So you got that going for you, which is nice.
Per the WSJ.com:
If stocks have history on their side, 2015 should be good for a gain.
Next year falls into three separate buckets: It is a pre-presidential election year; it’s the seventh year of a presidential term; and it’s the middle of a decade.
In each of those cases the Dow Jones Industrial Average has averaged double-digit returns going back more than a century, according to Stock Trader’s Almanac.
“As historical patterns continue to assert themselves, the probability of a solid 2015 is improving,” noted the most recent version of the almanac, which is edited by father and son Yale and Jeffrey Hirsch.
The “probability of a solid 2015 is improving”. That quote is classic. I suppose if you were playing some sort of financial markets MadLibs you could add almost any random claim and conclude the same. By no means do I intend to dismiss the takeaway from the truly fine work that the Hirsch’s continue to do on the Stock Trader’s Almanac. And to be honest, for a number reasons I’d rather be aware of their forecasts than not.
But from where I sit there is one current disconnect in the global economy that could signal a massive monkey wrench for a solid 2015 for stocks, and that is the crash in oil prices. The general consensus is that lower oil should strengthen global equities, with many pointing to the recent rally to prove that point. But I suspect seasonality (holidays) had something to do with the uptick we saw in consumer related industries in the U.S. and the realization of lower for longer crude speaks to far worse forecasts for the health of the global economy.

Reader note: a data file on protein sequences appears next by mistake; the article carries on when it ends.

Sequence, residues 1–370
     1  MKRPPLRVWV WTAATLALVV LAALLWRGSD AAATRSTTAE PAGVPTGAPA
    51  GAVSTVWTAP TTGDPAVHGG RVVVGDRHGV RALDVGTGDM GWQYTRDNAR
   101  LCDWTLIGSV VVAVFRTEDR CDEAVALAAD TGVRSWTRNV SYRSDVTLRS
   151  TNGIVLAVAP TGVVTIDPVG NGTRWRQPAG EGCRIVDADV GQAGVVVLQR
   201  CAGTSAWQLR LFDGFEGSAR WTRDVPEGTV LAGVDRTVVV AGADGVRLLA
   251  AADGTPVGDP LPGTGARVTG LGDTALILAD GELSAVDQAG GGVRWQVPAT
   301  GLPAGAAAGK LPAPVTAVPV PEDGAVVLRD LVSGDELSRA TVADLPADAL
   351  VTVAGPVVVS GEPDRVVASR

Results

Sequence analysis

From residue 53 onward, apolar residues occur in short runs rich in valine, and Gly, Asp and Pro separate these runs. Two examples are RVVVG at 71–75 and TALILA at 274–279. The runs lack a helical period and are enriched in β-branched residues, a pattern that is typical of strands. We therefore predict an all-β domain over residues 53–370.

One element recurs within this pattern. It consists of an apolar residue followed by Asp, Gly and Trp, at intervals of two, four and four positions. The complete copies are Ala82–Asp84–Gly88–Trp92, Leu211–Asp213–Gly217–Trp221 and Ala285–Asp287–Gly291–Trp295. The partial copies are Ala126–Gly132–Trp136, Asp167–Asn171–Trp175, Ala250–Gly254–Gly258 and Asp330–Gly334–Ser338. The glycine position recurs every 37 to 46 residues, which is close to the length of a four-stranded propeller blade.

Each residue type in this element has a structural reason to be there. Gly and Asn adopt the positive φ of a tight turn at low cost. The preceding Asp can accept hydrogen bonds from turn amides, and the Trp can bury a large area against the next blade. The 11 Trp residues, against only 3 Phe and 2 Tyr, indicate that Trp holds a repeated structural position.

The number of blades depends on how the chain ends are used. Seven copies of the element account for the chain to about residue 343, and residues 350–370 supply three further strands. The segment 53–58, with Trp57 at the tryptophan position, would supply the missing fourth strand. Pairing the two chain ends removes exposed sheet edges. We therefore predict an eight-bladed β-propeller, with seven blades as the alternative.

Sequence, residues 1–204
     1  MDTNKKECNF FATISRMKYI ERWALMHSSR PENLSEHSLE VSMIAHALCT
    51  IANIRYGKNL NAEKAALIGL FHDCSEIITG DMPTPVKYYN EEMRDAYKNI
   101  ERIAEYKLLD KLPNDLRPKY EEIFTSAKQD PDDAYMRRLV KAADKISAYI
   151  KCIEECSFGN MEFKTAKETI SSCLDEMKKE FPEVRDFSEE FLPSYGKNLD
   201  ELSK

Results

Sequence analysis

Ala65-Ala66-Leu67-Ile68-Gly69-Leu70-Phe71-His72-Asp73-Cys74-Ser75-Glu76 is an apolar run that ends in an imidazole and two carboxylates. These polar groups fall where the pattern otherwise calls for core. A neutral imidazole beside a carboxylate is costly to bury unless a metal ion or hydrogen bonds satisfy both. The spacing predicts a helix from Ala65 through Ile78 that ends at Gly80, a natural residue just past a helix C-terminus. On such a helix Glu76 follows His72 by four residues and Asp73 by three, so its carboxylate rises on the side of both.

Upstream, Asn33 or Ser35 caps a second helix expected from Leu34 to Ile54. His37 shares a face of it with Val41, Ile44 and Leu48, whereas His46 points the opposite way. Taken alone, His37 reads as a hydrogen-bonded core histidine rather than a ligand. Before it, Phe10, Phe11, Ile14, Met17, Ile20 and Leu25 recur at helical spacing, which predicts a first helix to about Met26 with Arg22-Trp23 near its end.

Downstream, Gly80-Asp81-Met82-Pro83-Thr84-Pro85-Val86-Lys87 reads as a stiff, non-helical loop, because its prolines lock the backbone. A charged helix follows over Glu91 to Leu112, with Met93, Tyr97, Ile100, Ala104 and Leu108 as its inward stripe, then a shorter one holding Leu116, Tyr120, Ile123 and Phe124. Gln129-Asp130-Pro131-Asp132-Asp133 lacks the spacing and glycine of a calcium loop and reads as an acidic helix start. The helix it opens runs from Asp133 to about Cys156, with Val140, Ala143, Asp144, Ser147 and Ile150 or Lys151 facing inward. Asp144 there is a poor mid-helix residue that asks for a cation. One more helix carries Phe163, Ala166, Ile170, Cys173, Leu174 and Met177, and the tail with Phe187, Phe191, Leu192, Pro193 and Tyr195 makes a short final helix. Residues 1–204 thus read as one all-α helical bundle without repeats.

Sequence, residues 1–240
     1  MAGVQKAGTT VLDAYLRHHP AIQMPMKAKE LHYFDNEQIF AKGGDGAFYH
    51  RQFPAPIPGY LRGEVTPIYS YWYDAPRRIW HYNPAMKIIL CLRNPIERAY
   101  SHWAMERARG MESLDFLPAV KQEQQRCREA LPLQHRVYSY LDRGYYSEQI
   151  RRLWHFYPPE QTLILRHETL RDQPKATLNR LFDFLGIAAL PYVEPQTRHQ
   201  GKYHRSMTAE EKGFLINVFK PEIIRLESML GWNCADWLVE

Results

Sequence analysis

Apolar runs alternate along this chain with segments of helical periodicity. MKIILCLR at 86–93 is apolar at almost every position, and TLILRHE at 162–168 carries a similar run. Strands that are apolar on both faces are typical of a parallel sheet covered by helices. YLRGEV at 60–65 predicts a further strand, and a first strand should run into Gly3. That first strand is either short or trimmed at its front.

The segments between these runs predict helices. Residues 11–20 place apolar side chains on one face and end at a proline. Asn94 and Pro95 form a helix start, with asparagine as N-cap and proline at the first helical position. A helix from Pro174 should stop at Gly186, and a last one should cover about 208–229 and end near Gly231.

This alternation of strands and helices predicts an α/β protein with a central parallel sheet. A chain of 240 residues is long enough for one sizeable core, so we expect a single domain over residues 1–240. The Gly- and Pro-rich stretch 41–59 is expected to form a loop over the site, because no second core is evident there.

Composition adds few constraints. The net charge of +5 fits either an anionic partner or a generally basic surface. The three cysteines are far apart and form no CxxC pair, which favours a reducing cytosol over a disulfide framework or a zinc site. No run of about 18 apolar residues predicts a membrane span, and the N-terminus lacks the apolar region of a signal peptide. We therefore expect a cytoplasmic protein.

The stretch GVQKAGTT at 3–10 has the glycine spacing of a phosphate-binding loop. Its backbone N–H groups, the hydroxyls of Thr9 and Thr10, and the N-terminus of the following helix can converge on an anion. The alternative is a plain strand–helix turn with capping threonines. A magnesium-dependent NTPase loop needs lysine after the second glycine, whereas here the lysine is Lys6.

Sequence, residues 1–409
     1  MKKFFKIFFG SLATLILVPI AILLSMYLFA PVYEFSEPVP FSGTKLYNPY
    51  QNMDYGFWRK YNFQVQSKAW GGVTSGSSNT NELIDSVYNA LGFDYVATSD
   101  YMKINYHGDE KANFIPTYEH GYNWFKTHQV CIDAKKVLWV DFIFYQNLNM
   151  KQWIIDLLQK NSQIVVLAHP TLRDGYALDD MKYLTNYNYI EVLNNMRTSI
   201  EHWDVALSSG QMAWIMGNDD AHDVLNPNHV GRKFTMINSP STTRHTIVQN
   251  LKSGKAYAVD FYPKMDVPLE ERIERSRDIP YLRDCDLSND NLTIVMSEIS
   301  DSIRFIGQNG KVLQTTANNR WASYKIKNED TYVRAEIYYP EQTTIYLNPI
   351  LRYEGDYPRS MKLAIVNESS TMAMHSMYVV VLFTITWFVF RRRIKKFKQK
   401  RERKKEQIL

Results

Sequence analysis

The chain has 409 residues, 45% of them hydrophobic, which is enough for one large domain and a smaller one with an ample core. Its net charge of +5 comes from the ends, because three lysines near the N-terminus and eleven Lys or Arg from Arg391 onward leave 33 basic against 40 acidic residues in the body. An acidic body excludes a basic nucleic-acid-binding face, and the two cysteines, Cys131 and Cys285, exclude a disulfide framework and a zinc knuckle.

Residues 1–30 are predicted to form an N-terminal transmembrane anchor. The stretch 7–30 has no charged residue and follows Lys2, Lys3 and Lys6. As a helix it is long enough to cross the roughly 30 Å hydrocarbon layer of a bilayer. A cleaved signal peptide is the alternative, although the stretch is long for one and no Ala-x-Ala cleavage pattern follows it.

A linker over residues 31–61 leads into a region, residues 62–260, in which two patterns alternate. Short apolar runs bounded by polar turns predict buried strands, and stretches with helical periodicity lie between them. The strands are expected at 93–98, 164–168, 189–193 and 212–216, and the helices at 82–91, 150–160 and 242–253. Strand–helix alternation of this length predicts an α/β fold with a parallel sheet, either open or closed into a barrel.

In an attempt to not repeat myself, here were some recent posts detailing my fairly layman views of what I deem to be headwinds or global equities in 2015, despite the “probability of a solid 2015 is improving”:
MorningWord 12/17/14: Shanghaied: don’t be fooled by the recent strength in Chinese equities as the U.S. multi-nationals with significant exposure to the region could be the better “tell”, oh and the data continues to be bad despite stimulus.
MorningWord 12/16/14: Here We Go Again?: a dose of caution on the risk front to some of the older loved ones in my life who have witnessed two peak to trough drawdowns of 50% in the last 14 years and who are at a far less opportune time now to live through another.
MorningWord 12/12/14: What Lies Beneath?: I highlight the darkside of lower for longer oil, a potential credit event (corporate and sovereign), which would clearly far outweigh any perceived benefits of lower gas at the pump.
MorningWord 12/10/14: Crowded House – $BABA $AAPL: with macro worries once again taking center stage, it appeared that some of the world’s most favored equity trades were feeling the affects of a crowded house. These set ups should worry you, as AAPL and BABA at their peaks had almost $1 trillion in market cap between the two stocks alone. The combination of a risk-environment and (I know the very UN-LIKLEY) event of mis-execution could cause profit taking in these sentiment leaders.
MorningWord 12/5/14: America, F’ Yeah: Nailed this one a few weeks back after the better than expected November Jobs data: “So ’til year end. I expect stocks to close near highs, bond yields near lows, dollar near highs, and industrial commodities near lows”. But my sense that this strength would be more technical and have to do more with the calendar than anything else. The main take-away though is that the U.S. has clearly diverged from the global economy and in 2015 the notion of “de-coupling” will once again take center stage.
MorningWord 12/3/14: Global Weirding: this one just previewed the posts to come through out the month, strong dollar, weak emerging markets, Fed exit of QE, potential for higher rates, lower commodities, the increasingly messy geo-political landscape, and what has appeared to be little positive impact (aside from equity prices) of stimulus in Japan, China at a time when the ECB is seriously contemplating picking g up the baton.
So from purely a mathematical standpoint, risk assets over time have a high probability of “improving” but it would be foolish not to consider the growing divergences among asset classes and geographies as we enter 2015. Also consider the fact that the risk / reward to committing new capital to equities after such a sharp rally in just the last 2 months seems sub-optimal.
So have a safe and happy New Years Eve, and remember…